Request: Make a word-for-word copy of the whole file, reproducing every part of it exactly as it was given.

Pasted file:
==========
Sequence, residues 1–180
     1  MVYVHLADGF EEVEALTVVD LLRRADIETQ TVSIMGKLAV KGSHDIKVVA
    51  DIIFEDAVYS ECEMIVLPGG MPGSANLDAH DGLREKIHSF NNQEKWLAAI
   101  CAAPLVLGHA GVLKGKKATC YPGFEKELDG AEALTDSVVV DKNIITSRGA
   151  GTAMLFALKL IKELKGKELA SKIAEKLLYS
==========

Sequence, residues 1–180
     1  MVYVHLADGF EEVEALTVVD LLRRADIETQ TVSIMGKLAV KGSHDIKVVA
    51  DIIFEDAVYS ECEMIVLPGG MPGSANLDAH DGLREKIHSF NNQEKWLAAI
   101  CAAPLVLGHA GVLKGKKATC YPGFEKELDG AEALTDSVVV DKNIITSRGA
   151  GTAMLFALKL IKELKGKELA SKIAEKLLYS